Quinn Mason Sonata ’21
When it came time to write a piano sonata, I asked myself ‘ What would I want to say with a piano sonata in the 21st century?’. It’s a tried and true form that boasts many masterworks by the great composers, including essential pieces by Beethoven, Schubert, Chopin and Rachmaninoff. It was a bit of a daunting project at first as I questioned what I had to add to the plethora of legendary compositions already.

As a pianist myself, my style of playing is focused on bringing the best sound out of the piano by placing emphasis on the resonance of the individual tones. Thus, the first movement is based around the key of A, specifically the middle A, which is the home base of the 440 tuning note with special emphasis and accents on specific tones in the A major scale. Of course, I pay homage to the romantic sonatas with an expansive and expressive middle section in F-sharp minor.

The second movement is a sort of funeral march, but the music takes a minimalist turn in the second section and looks back the 2nd movements of Beethoven in the next (with special ornamentation in like manner).

The last movement is a homage to my time spent as a percussionist, in which my favorite musical technique to explore was hemiolas (multiple rhythms layered on top of one another). Thus, we get the name ‘5 with 4’ and ‘3 with 2’, which make for very interesting rhythmic combinations. Here, the player is at their most virtuosic, in an almost moto perpetuo style. – Quinn Mason

Mark Winges
Year End Nocturne is one of a series of nocturnes I’ve been writing over the last few years. This one, written at the end of 2020, is a hopeful contemplation of the year’s turning. Its quiet chords dissolve into an upward line at the end as the old year fades into the new. It also has a subtle musical conceit: the note “D” (natural) is completely absent in the piece. This is a nod to the absence of a certain someone whose name begins with “D”. This afternoon is its first performance, and I’m grateful to Nick for including it on his program. – Mark Winges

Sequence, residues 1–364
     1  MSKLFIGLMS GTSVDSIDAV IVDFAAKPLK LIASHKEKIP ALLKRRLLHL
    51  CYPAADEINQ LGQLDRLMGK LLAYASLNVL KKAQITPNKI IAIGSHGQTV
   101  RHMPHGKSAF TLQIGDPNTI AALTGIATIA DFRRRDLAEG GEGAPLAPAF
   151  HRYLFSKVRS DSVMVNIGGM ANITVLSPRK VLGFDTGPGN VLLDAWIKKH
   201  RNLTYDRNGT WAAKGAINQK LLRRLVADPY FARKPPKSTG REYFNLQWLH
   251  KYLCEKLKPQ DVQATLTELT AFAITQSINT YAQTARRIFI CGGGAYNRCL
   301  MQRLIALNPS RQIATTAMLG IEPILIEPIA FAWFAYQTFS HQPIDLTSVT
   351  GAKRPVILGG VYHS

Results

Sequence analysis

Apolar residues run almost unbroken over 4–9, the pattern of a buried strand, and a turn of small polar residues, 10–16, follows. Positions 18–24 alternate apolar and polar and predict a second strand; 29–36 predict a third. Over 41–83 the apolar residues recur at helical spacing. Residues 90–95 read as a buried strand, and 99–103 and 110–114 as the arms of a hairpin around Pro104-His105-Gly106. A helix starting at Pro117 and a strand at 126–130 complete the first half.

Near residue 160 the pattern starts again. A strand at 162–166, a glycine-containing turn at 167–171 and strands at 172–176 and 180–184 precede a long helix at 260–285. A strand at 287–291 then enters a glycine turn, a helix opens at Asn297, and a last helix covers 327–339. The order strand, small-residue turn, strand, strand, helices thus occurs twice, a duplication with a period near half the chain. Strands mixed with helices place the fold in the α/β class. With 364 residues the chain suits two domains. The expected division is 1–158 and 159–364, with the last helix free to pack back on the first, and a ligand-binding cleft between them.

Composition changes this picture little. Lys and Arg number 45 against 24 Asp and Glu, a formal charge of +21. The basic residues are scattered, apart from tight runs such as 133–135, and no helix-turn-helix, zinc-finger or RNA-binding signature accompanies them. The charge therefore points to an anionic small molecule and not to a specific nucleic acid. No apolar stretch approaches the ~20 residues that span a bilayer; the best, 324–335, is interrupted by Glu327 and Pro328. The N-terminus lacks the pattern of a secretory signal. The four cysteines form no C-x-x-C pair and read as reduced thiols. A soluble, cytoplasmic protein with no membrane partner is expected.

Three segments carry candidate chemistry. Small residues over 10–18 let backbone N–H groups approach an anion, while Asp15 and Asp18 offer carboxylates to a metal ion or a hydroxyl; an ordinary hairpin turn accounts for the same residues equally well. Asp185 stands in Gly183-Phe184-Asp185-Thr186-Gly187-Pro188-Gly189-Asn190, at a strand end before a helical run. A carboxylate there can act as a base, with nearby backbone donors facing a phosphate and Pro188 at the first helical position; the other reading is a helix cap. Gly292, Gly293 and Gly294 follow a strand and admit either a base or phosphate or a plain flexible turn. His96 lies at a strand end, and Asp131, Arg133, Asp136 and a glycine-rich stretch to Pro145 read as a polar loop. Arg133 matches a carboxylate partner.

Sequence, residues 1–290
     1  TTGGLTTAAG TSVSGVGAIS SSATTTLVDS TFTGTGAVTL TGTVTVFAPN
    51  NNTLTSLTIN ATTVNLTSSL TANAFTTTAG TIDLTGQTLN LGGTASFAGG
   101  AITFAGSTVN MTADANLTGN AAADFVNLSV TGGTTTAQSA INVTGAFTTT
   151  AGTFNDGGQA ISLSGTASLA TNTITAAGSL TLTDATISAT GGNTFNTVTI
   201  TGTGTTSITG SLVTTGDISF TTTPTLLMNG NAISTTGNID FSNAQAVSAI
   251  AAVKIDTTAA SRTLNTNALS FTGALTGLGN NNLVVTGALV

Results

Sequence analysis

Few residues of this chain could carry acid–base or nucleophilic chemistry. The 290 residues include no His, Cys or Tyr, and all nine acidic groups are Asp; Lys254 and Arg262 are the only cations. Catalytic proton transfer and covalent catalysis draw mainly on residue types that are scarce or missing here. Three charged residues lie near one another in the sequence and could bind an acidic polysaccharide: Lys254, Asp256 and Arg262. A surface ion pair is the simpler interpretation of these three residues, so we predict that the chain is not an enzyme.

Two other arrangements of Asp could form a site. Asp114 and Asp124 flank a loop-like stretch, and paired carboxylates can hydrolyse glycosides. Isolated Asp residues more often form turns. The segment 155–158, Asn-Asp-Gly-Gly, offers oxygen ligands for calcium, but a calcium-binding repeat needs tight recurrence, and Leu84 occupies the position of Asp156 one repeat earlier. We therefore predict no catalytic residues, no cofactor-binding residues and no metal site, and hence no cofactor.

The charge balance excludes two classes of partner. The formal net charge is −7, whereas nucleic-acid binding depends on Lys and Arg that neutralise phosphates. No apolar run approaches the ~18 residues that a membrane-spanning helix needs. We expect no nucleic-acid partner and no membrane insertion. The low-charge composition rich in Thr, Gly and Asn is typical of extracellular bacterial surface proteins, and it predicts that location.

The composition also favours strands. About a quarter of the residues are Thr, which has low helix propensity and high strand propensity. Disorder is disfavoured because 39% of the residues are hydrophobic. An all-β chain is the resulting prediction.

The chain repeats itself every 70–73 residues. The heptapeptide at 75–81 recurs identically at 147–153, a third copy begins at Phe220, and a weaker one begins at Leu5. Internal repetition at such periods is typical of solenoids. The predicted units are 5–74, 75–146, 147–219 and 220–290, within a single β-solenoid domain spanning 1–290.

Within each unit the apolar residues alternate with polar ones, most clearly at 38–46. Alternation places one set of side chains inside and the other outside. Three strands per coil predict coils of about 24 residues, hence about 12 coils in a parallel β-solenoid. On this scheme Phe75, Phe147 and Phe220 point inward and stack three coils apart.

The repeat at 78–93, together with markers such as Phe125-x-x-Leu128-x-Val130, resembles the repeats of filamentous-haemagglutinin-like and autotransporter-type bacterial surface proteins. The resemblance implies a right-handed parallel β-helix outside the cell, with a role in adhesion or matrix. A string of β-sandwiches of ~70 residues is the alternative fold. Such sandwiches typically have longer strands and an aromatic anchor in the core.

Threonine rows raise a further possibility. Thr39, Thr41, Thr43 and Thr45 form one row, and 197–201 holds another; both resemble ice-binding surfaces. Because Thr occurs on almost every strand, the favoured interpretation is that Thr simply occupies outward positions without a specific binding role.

Gabriela Lena Frank
Karnavalito No. 1 is inspired by the distinctly Andean concept of mestizaje, as championed by Peruvian folklorist José Maria Arguedas (1911-1969), whereby cultures can co-exist without one subjugating another. Allusions to the rhythms and harmonies of the mountain music of my mother’s homeland of Perú abound in this boisterous work, albeit freely transformed in the blender of my personal imaginations. Karnavalito No. 1 is dense in its virtuosity, with stylistic nods to the Hungarian composer Béla Bartók, a music hero of mine. – Gabriela Lena Frank

About the musician

Described by The New York Times as a “talented and entrepreneurial pianist” and an “able and persuasive advocate” of new music, Nicholas Phillips’ playing has been praised for its “bejeweled accuracy” (Fanfare) and as “razor-sharp yet wonderfully spirited” (American Record Guide). He is active as a soloist and collaborative artist, having performed all across the United States, as well as Europe, South America, Asia, and Africa.

Phillips is an active recording artist and champion of living composers. In 2011, he released two CDs on Albany Records: Portals and Passages (TROY 1246), which features the works for solo piano by American composer Ethan Wickman, and Boris Papandopulo: Piano Music (TROY 1274), which features music by the famous Croatian composer. Recent releases include American Vernacular: New Music for Solo Piano (New Focus Recordings, 2014), which features commissioned works written for him on that theme by ten American composers, and Impressions (Blue Griffin Records, 2016), a collection of 21st-century character pieces by living American composers. Shift (Panoramic Recordings) releases in March, 2019, and features world premiere recordings of works by eight living women composers.

A native of Indiana, Phillips began formal piano lessons at Indiana University at the age of ten. He holds degrees in piano performance from the University of Missouri-Kansas City Conservatory of Music (Doctor of Musical Arts), Indiana University (Master of Music), and the University of Nebraska-Lincoln (Bachelor of Music, summa cum laude). His teachers include internationally-renowned pianists and pedagogues Karen Taylor, Paul Barnes, Karen Shaw, and Robert Weirich.

Phillips is currently Professor of Piano at the University of Wisconsin-Eau Claire. He is a Yamaha Artist.